The Obama campaign, for instance, took an oblique swipe at a labor group’s independent expenditure campaign on behalf of Senator Clinton’s run for the Ticket, accusing the American Federation of State, County and Municipal Employees of “spending millions to stop change”. And Clinton has lashed out, but at President Bush, inviting television viewers to speculate how the year would have gone with a different executive. The Edwards campaign focused its negative energies against American corporations, which is by now standard fare.

Cillizza asks, “Whatever happened to good old knock-down, drag-out politics?” It is, I suppose, a fair question. And Erik Smith, a Democratic consultant whose credentials include former Missouri Rep. Dick Gephardt’s 2004 campaign, made the point that unintended consequences make risk dangerous in a tight race:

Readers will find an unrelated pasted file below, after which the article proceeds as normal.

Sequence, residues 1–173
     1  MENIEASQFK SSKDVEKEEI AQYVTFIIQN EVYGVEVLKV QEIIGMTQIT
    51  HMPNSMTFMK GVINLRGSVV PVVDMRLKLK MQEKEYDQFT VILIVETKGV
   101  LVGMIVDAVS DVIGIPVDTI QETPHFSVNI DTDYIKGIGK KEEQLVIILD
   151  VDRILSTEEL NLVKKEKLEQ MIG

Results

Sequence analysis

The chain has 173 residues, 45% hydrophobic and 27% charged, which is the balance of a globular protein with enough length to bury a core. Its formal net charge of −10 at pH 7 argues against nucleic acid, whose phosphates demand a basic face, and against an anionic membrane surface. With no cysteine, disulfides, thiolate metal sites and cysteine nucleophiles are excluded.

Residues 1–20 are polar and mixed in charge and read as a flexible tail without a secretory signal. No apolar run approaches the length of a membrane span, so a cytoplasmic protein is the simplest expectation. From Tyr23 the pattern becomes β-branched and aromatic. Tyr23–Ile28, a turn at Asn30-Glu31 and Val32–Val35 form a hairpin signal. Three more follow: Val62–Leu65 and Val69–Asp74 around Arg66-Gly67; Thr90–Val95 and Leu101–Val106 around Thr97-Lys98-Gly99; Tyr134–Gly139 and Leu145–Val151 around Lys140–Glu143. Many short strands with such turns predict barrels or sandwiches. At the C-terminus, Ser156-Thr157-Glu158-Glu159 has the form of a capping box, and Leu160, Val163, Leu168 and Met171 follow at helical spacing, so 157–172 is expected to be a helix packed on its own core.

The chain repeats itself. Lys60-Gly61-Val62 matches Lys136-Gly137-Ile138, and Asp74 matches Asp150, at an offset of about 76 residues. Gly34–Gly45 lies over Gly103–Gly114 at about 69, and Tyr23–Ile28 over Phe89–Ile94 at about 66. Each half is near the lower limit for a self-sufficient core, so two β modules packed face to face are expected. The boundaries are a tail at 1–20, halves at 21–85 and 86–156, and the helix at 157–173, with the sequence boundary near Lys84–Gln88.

“In a tight multi-candidate primary, the overriding concern is the ricochet,” Smith said. “Each candidate needs to make their strongest possible closing argument, and there is no appetite for the potential unintended consequences of a negative ad this late in a competitive race.”

Candidates worried about a ricochet need only look back to 2004. In that race, Gephardt and former Vermont governor Howard Dean unloaded on each other for weeks on television, only to watch it backfire as Sen. John F. Kerry (D-Mass.) and Edwards shot the gap into first and second place in the caucuses.